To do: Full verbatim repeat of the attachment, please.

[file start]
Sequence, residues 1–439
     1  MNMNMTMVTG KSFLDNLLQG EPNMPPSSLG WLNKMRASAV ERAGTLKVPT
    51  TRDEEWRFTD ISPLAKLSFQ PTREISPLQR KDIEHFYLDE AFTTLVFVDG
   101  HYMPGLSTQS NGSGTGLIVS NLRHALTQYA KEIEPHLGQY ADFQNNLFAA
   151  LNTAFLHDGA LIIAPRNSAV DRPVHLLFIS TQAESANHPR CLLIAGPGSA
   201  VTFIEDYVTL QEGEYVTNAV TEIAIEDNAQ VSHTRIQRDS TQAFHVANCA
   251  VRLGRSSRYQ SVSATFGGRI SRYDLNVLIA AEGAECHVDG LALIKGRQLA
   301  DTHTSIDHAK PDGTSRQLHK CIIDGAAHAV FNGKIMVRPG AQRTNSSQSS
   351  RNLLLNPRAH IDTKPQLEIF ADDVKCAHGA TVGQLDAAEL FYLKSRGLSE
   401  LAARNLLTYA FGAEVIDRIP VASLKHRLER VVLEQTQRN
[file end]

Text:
Sequence, residues 1–439
     1  MNMNMTMVTG KSFLDNLLQG EPNMPPSSLG WLNKMRASAV ERAGTLKVPT
    51  TRDEEWRFTD ISPLAKLSFQ PTREISPLQR KDIEHFYLDE AFTTLVFVDG
   101  HYMPGLSTQS NGSGTGLIVS NLRHALTQYA KEIEPHLGQY ADFQNNLFAA
   151  LNTAFLHDGA LIIAPRNSAV DRPVHLLFIS TQAESANHPR CLLIAGPGSA
   201  VTFIEDYVTL QEGEYVTNAV TEIAIEDNAQ VSHTRIQRDS TQAFHVANCA
   251  VRLGRSSRYQ SVSATFGGRI SRYDLNVLIA AEGAECHVDG LALIKGRQLA
   301  DTHTSIDHAK PDGTSRQLHK CIIDGAAHAV FNGKIMVRPG AQRTNSSQSS
   351  RNLLLNPRAH IDTKPQLEIF ADDVKCAHGA TVGQLDAAEL FYLKSRGLSE
   401  LAARNLLTYA FGAEVIDRIP VASLKHRLER VVLEQTQRN